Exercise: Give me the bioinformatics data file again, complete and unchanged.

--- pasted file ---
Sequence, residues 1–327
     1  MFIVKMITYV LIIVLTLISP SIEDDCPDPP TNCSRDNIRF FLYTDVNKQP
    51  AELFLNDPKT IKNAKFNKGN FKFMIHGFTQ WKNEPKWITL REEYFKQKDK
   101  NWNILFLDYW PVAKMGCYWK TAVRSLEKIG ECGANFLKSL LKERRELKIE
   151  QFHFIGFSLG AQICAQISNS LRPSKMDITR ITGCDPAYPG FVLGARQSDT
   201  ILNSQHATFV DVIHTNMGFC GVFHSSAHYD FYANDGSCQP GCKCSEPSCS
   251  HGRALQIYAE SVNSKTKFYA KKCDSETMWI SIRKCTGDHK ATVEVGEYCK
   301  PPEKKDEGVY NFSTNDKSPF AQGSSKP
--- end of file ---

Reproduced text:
Sequence, residues 1–327
     1  MFIVKMITYV LIIVLTLISP SIEDDCPDPP TNCSRDNIRF FLYTDVNKQP
    51  AELFLNDPKT IKNAKFNKGN FKFMIHGFTQ WKNEPKWITL REEYFKQKDK
   101  NWNILFLDYW PVAKMGCYWK TAVRSLEKIG ECGANFLKSL LKERRELKIE
   151  QFHFIGFSLG AQICAQISNS LRPSKMDITR ITGCDPAYPG FVLGARQSDT
   201  ILNSQHATFV DVIHTNMGFC GVFHSSAHYD FYANDGSCQP GCKCSEPSCS
   251  HGRALQIYAE SVNSKTKFYA KKCDSETMWI SIRKCTGDHK ATVEVGEYCK
   301  PPEKKDEGVY NFSTNDKSPF AQGSSKP